The Mallon Crew

We are delighted to be able to share with you another book that has a connection to Manston. The author made contact with the site after his tweet today in connection with D-Day. Later in the post, is an extract from the book which mentions Manston, which he has sent to us to share.

‘The Mallon crew’ is the extraordinary result of four years of research. My decision in 2012 to write a blog about my father’s war-time experiences as the Flight Engineer of a Lancaster bomber took me on an incredible voyage of discovery and unearthed some remarkable stories of courage, sacrifice and betrayal.

As a child growing up in the 1950s I never tired of asking my dad about what he did in the war. I wanted to know all about his role, what flak was like and even how aircraft were able to fly. By the time I left primary school my interest had started to wane and, when he died in 1974 at the age of just 55 I thought I had lost any chance of discovering more about his life. I couldn’t have been more mistaken.

Nearly forty years later, with just a handful of photographs, his flying log book and the name of his New Zealand pilot, Bill Mallon, my modest research project into ‘Bob Jay’s war’ uncovered more tragedies than I could have imagined possible and connected me with the families of all but one of my dad’s crew. It even gave me the opportunity to talk to a man of 94 who had flown with my dad and to find a photograph of my dad’s aircraft flying to his last target.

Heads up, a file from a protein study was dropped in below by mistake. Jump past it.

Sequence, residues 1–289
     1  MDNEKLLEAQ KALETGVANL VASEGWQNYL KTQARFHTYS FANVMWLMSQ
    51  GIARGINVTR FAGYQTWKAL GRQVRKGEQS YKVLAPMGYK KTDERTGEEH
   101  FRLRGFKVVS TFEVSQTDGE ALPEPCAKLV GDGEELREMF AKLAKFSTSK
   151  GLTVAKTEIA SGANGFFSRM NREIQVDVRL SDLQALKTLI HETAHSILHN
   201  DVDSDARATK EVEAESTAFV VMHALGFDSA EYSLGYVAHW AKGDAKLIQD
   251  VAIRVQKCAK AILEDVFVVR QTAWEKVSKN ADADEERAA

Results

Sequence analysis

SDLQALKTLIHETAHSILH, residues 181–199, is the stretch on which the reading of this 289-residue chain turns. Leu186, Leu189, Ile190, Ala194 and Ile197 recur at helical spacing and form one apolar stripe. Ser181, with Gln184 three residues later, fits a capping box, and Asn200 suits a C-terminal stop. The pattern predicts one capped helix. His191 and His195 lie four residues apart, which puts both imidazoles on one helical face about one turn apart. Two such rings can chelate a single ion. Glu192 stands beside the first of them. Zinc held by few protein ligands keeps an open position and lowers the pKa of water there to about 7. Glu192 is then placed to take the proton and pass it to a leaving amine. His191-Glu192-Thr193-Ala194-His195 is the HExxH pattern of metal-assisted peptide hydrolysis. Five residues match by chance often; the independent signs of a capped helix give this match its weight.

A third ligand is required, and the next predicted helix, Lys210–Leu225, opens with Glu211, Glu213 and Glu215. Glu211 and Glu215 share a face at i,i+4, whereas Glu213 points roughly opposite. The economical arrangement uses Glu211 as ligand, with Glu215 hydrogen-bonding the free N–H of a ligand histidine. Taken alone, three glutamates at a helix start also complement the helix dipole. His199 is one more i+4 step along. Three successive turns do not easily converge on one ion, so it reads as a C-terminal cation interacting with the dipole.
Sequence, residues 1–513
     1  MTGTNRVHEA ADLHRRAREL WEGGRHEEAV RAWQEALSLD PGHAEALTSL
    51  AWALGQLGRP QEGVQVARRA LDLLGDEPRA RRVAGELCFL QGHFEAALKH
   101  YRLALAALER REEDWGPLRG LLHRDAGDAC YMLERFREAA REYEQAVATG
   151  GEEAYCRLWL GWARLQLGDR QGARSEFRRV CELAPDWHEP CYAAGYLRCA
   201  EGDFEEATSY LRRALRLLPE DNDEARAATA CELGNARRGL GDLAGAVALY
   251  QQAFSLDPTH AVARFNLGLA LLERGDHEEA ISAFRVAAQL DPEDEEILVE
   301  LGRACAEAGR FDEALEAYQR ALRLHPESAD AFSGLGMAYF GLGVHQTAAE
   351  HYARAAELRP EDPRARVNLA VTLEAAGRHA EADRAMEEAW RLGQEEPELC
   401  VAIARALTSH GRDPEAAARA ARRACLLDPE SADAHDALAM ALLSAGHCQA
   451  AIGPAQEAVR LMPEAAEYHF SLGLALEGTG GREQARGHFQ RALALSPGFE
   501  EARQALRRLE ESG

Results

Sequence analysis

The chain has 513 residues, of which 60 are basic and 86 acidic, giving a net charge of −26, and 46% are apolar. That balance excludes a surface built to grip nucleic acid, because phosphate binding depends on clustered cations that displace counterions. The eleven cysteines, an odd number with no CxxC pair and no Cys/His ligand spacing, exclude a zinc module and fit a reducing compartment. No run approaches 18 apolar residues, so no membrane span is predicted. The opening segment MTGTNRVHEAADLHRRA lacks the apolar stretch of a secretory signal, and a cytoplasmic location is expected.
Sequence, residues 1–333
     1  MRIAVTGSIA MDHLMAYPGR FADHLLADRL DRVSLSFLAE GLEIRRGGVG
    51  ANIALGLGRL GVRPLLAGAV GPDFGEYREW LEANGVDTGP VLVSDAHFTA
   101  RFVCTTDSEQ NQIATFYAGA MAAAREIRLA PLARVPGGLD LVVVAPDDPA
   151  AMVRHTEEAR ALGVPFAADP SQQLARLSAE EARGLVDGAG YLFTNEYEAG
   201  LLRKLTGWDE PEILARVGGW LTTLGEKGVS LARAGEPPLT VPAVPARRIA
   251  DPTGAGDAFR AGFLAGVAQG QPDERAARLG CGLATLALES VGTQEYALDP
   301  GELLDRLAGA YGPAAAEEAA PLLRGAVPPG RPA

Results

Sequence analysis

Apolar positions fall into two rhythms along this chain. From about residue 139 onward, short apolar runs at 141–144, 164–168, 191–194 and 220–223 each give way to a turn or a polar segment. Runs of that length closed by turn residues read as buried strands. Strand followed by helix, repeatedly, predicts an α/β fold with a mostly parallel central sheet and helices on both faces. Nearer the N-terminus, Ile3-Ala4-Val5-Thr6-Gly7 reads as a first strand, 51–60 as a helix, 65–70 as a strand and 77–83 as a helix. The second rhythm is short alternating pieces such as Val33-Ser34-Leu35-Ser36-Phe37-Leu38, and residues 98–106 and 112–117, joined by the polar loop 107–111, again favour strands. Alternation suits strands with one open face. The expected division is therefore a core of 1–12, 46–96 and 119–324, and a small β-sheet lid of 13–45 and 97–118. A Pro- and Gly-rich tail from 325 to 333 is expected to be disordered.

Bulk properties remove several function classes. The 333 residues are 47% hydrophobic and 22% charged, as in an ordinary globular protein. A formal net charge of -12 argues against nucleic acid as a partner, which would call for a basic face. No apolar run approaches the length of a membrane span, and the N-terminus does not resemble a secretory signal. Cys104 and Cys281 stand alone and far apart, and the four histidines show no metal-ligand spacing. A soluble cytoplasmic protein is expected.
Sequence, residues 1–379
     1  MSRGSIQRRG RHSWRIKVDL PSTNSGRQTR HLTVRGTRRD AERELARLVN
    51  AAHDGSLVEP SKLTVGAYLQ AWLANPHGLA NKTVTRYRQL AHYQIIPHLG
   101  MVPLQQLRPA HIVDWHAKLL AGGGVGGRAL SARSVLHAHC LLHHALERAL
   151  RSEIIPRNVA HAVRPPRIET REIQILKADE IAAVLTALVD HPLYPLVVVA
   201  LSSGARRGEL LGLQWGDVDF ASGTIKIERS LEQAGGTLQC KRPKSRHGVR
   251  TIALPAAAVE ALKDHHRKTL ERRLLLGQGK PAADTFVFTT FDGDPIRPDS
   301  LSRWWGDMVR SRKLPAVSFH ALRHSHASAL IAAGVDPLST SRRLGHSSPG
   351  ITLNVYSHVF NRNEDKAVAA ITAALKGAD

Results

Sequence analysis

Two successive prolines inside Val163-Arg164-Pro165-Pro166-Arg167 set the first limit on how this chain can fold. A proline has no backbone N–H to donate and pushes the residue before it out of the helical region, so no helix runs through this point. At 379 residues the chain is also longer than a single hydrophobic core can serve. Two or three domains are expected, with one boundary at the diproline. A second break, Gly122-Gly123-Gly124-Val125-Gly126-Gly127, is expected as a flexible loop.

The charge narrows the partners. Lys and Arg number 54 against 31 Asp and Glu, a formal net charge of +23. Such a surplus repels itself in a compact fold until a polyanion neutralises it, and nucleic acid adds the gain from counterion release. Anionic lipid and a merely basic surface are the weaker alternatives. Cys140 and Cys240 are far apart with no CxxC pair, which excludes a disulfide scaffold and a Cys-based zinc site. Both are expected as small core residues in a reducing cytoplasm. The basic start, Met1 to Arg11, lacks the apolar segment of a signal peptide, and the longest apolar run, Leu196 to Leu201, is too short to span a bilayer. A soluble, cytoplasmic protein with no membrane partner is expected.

This book is not about a squadron, nor is it about individual acts of heroism, it is about the Mallon crew, a small group of unremarkable men thrown together briefly during the last few months of the war and the amazing way in which their stories have unfolded seventy years later. I defy anyone not to be moved by their experiences nor to marvel at the power of the internet to bring people together.

Vic Jay (Author)

You can buy the book from the International Bomber Command Centre website here:

Alternatively you can order the book at a discounted rate from the author by emailing for more details.


An extract from the book in connection with Manston, by kind permission from the Author. It is from a transcript of an interview with Bill Mallon shortly before he passed away, by the New Zealand Defence Force ‘Military Oral History Project’:

Bill Mallon was in Brighton for about three weeks before being posted to R.A.F. Manston in Kent, fifty miles from R.A.F. Detling from where his brother Jack had flown to his death just three years earlier. There were no opportunities to fly at Manston, but Bill enjoyed his time there carrying out ‘flying control duties’, later to be called ‘air traffic control’, for about six months. At least he was in the company of aircraft and it took him back to his youth watching Gypsy Moths with his brothers at Bell Block airfield.

There were Hawker Typhoons on permanent stand-by at Manston in 1944, with Tempests arriving while he was there, and it was an emergency landing field for disabled bombers. There was also a Fleet Air Arm section equipped with the Fairey Swordfish and the Supermarine Walrus for air sea rescue, and Bill was in his element, although he longed to be in the cockpit. He was aware that it could have been a lot worse though – some pilots were posted to the New Zealand Army post office in London!